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FDA Questions Long Term Use of Popular Osteoporosis Medications

Every year in the United States almost 1 million people are diagnosed with a disease in which the bones become weak and more likely to break. The illness is called osteoporosis and although there is no cure there are medications that you can take that help to increase bone density and reduce the risks involved but are these commonly prescribed drugs safe?

A recent article on Health Day News.com dated September 9, 2011 explains that the Food and Drug Administration is not sure about the long term use of bisphosonate drugs like Fosamax, Actonel, Boniva and Reclast.

Biophosonates are drugs that are taken by millions of post menopausal women in order to prevent the loss of bone density but they have been linked to fractures of the thigh bone, esophageal cancer and death of the jaw bone in some long term users prompting the FDA to open an investigation questioning the safety of long term use of these types of drugs.

Dr. Elizabeth Shane, past president of the American Society for Bone and Mineral Research and professor of medicine at Columbia University in New York who is scheduled to testify says, "while these side effects shouldn't be downplayed, "when you consider the number of very dangerous, lifeıthreatening fractures that are prevented by these drugs, the benefits dwarf the side effects,"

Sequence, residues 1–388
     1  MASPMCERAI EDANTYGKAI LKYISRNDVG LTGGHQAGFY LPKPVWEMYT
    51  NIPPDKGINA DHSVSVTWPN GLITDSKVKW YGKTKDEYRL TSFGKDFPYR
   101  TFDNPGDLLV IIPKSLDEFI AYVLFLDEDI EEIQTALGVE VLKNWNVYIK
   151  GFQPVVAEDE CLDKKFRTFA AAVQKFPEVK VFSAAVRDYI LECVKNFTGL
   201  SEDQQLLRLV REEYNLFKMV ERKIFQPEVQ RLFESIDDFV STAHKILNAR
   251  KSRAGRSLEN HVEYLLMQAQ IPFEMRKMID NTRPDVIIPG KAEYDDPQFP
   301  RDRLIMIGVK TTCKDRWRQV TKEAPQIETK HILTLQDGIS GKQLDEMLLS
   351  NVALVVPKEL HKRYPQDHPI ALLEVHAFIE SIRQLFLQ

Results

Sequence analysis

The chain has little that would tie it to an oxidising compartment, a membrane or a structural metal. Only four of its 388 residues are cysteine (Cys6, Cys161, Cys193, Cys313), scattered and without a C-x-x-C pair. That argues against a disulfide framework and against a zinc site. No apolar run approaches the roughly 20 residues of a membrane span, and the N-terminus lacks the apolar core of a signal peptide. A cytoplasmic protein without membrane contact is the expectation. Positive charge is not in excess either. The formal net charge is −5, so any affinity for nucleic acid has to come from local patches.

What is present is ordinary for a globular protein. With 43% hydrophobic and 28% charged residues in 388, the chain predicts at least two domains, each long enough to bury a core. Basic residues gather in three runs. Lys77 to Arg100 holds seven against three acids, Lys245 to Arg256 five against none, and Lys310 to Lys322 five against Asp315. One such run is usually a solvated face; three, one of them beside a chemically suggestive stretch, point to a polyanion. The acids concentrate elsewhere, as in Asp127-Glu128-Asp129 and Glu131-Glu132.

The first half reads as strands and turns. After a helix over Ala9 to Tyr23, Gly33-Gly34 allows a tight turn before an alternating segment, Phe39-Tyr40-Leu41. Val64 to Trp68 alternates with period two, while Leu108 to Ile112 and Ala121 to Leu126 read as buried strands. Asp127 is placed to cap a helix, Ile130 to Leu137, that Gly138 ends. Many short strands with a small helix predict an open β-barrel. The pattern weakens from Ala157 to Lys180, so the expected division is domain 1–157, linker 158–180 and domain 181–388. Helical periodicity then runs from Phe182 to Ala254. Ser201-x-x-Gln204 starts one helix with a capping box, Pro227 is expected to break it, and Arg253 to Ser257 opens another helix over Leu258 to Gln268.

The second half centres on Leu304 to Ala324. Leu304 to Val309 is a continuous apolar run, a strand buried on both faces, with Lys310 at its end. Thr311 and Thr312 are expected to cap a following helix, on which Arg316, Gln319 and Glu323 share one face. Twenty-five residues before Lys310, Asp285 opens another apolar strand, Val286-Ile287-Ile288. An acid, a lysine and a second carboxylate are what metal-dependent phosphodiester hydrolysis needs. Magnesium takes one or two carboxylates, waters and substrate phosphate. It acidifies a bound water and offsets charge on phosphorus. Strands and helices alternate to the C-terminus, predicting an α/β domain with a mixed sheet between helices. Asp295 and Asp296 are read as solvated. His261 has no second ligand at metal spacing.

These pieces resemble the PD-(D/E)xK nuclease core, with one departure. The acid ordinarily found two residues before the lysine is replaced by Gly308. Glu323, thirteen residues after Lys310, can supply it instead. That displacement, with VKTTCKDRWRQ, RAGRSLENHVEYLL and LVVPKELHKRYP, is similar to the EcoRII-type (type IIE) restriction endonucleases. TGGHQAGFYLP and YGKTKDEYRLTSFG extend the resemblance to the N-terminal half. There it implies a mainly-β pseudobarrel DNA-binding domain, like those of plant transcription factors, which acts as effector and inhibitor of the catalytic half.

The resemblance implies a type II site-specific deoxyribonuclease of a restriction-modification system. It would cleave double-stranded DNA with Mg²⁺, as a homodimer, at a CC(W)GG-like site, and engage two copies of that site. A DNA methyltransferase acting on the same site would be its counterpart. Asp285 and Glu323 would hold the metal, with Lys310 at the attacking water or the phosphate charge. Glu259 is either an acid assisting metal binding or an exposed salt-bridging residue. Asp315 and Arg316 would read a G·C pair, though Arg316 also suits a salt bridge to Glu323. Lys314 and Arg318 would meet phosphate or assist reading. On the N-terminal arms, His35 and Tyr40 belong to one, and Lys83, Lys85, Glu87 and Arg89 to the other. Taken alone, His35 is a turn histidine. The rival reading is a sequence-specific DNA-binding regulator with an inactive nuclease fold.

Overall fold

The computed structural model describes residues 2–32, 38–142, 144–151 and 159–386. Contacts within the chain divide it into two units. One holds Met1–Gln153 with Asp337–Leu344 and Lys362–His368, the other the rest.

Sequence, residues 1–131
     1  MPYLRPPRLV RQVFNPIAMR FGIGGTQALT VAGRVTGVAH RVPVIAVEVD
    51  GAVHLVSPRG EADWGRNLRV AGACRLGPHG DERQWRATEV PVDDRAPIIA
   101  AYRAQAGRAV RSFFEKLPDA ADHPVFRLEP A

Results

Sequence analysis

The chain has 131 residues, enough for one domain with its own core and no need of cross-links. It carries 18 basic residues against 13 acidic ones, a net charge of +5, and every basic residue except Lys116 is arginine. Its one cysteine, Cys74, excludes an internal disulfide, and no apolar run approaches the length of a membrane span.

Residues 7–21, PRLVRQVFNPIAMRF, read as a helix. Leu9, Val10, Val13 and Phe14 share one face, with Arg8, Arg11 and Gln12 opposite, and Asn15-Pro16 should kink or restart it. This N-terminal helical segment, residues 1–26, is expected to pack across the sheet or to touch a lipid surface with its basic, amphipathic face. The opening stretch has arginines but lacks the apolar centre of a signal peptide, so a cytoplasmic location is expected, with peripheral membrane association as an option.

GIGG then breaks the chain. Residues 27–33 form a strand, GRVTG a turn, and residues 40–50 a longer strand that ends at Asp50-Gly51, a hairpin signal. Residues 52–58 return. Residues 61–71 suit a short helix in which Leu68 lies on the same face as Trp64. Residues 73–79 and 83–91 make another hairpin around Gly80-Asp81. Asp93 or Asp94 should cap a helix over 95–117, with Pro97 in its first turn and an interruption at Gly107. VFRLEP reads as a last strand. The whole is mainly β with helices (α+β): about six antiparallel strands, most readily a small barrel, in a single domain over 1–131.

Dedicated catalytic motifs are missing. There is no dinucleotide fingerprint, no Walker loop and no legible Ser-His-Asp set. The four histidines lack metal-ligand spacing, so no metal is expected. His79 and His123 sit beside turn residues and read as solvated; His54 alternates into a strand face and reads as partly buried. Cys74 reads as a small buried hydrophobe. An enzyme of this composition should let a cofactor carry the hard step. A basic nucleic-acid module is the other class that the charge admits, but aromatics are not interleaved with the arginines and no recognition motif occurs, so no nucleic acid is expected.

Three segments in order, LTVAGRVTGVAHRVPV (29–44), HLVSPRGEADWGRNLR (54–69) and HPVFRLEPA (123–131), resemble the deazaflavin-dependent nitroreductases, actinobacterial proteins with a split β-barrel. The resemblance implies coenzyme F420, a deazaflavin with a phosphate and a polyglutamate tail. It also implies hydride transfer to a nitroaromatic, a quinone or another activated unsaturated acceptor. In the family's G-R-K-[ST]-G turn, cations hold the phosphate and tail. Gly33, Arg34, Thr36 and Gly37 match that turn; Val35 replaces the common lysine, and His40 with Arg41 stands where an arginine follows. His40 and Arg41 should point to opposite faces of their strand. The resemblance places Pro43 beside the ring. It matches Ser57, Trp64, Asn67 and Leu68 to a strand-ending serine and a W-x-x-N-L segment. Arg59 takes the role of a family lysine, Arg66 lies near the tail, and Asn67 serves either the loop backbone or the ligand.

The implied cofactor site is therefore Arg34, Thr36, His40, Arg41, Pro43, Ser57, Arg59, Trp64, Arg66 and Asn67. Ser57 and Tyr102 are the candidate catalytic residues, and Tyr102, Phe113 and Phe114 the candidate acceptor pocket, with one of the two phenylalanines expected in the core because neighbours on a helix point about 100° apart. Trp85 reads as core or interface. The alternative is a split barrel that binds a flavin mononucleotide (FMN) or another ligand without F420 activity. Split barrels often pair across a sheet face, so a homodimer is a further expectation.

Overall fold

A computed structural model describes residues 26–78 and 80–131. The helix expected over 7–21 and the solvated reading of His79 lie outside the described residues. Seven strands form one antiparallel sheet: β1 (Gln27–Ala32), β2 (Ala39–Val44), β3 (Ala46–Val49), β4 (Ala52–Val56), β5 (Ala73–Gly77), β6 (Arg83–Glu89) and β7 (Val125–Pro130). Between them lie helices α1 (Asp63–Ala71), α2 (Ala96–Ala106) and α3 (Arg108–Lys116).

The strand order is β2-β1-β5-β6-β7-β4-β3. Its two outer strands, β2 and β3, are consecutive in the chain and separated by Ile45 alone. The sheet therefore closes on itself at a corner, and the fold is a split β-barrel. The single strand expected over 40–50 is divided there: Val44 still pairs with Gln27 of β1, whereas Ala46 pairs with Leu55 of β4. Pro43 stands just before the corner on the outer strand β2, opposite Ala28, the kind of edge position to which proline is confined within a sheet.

"However, she continued, " bisphosphonates should only be prescribed to those at the highest risk of fracture. "In the past we might have used them in people who aren't at such high risk of fracture in the hope that they would prevent fractures down the line," she said. "We have moved to targeting people at high shortıterm risk, which means in the next five to 10 years."

The FDA is asking the committee to consider if current data supports the use of the drugs for long term use and whether a time limit should be placed.

"I am really not in favor of putting a limit on use of bisphosphonates and dictating the use of drug holidays," Shane said. "We have very little evidence to support the use of drug holidays or no drug holidays."

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